Owning the MCAT
(sorry for the double post, trying to make my site easier to navigate)
MCAT: The bane of all premeds
This test is a beast, as most people in the know would know. For various reasons, I was not in the know.
When the time came to start prepping for it, I decided to take a mock MCAT to see where I was. I. Was. Horrified.
I think my initial scores were something like:
- physical sciences: 4
- Verbal reasoning: 6
- Biological sciences: 10
For a grand total of 20! WOOoooooooo /sigh. My ultimate goal was a 30 with a 10/10/10 split. With due diligence and
a few a lot of curse words, I came out with a PS 11/VR 10/ BS 12.
I tell you this not because I want to brag or anything like that, but show that it is possible to make HUGE gains in your overall score. In the end, my score was just enough to make me average at UTSW.
Never felt so good to be average.
I’ll share my tactics on how I approached the test, but as you can imagine it is going to dramatically differ from one person to another. AAMC is completely changing the test in a year, so everything I’m about to say is probably going to be useless anyways.
First off, know your weaknesses and strengths
I knew that I was utter crap at physics, and by the time I was scheduled to take the MCAT it had been awhile since I had even looked at general chemistry stuff. (What the flying F is a valence electron?) Therefore, I decided to take the required physics II course at the same time I was studying for the MCAT. Kill two birds with one stone. In the end I think about 60-75% of my studying time was devoted to this one section alone (what can I say, I was really bad at it). If you are anything like me, don’t be discouraged by those “Physics is sooo easy~” people.
Intuitive my ass.
Biological sciences was my strength, which is probably true for most people taking the test. I think my initial success (scoring a 10 on the mock) is probably attributable to the fact that I took biology 1 (I never took biology 2), anatomy & physiology 1 and 2, and an upper elective physiology course before I took the mock. Plus, I had excellent teachers and I really REALLY made a point to understand the material from these classes and commit it to memory. Too bad I didn’t do the same with the physical science material.
*I bought the Princeton Review books, and found their explanations about spot on for what I needed for the physical sciences. They had reasonable detail without bogging me into details. However, don’t do what I did and pay full price for them… Some random person I knew at the time gave me the Exam Cracker books. They were definitely more concise and I used them as review for biology since I just wanted a refresher.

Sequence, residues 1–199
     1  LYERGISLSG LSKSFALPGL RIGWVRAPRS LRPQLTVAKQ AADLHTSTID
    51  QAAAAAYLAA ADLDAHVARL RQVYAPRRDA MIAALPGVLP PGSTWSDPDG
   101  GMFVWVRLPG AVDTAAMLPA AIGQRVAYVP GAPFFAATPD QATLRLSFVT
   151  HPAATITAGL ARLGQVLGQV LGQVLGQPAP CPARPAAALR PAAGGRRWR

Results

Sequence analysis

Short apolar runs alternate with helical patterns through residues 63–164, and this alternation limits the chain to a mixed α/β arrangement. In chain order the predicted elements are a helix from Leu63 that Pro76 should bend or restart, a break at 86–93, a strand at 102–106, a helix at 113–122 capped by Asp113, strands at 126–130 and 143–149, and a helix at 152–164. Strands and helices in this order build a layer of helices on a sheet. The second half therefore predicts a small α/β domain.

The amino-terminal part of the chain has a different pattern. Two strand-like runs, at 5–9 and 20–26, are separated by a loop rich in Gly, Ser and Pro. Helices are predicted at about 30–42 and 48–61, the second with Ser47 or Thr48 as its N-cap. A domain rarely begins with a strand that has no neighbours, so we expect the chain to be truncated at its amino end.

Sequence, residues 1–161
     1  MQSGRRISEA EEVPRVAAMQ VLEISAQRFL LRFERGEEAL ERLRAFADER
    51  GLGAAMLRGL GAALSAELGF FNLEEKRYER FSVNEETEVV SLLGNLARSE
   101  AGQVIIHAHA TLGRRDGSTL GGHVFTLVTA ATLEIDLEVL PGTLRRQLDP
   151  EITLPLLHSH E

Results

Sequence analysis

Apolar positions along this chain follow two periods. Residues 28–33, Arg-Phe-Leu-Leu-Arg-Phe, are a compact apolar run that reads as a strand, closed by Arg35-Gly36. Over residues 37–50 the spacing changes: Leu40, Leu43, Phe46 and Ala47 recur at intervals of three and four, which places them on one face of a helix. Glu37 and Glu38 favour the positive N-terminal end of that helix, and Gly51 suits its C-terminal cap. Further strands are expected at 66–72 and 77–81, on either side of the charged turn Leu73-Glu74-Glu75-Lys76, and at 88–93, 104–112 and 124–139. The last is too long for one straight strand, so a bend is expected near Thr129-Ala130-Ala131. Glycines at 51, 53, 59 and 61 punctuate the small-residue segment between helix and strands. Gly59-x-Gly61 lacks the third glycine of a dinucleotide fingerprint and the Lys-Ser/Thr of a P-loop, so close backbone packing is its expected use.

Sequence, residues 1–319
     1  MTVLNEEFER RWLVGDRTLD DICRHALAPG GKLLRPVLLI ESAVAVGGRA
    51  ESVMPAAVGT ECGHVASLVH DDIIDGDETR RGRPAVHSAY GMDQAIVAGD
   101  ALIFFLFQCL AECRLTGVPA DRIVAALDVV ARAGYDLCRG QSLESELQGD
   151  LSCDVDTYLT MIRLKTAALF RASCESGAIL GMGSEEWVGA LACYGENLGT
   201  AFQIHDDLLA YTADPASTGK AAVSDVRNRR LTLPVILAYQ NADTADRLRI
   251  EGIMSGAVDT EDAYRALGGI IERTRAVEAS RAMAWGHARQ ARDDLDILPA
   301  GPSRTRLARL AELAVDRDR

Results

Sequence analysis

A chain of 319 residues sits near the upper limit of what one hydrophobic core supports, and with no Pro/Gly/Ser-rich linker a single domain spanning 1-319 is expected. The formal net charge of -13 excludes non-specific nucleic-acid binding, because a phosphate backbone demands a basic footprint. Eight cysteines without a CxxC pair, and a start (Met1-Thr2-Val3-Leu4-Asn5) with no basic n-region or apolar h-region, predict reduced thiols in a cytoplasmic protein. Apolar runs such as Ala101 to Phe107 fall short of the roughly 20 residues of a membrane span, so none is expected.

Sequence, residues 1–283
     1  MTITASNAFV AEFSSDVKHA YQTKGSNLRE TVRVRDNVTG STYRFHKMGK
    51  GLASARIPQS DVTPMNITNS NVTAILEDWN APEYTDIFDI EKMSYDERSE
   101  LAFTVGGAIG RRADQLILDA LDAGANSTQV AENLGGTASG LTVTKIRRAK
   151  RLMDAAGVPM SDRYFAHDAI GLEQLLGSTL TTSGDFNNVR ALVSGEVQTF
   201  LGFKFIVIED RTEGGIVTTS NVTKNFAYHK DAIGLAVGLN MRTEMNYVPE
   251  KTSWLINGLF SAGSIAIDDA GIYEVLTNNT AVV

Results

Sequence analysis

Secondly, think about how you learn best
For me, this meant drawing pictures and finding things to listen to. Youtube, especially Khan Academy, was my buddy down in the trenches. The breadth of free knowledge on the internet is outstanding.
I also made my own review book for physics and gen chem by using a sketchbook I had around. Once I understood a concept I drew it out pictorially with any relevant formulas and so on, that way I could review it faster. If needed I would go back to the denser explanations in TPR or my textbooks. This ended up being really nice later on because I could go through my review book a couple of times in a single day. I find it is always better to review things in your own words.
Also, I think it is vitally important to get a feel for MCAT style questions. They are not kind, they are designed to mess you up. There is a ton of sources out there that can provide MCAT style questions, but I really liked using AAMC’s practice tests. Albeit expensive, you do get one free. Other than using that first test as a general indicator, I didn’t start utilizing practice tests until a month and half before M day. Including the free one I used about 4 or 5 of them.
Next, make a schedule and keep to it! Seriously! I mean it!
So simple, yet so hard to follow. Discipline is really key, and frankly is something you are going to need throughout medical school. Based on conversations I’ve had with people I feel that most people take about 3 months to prepare for the MCAT, for me I planned for about 4 1/2 months of preparation. It entailed about 6 hours of study per day with one day off per week. (I was still working 20-30 hours per week at the time)
My general day was 2-3 hours of physics, 1-2 hours of general chemistry and I would alternate the last hour between biology/orgo review and VR practice.
Lastly, try to prevent burn out
Again, this will differ from person to person. For me, this meant scheduling time every week for friends and family. I would go to the movies, or have a board game night, or go to the zoo, etc. Experiment with the effects of ethanol on the human body…you know, meaningful stuff.
Eating well, exercise, sunlight, hygiene, social activities. All important.
On a day to day basis, if I accomplished certain study goals, such as read x amount of chapters or do x amount of questions, I would reward myself with junk television. I think I watched almost 3 or 4 seasons of Star Trek: TNG, a couple seasons of MLP, and a season of Breaking Bad before I ultimately took the test. Free time, who knew?
Everyone has their opinion about how effective the MCAT is as a gauge for a person’s ability to not F*** up as a doctor, but ultimately it is irrelevant. You are going to have to take it.
I am definitely no super genius. All my success I contribute to simple hard work, perseverance, and organization. So sorry for the cliche, but it is true when I say “If I can do it, then you can do it!”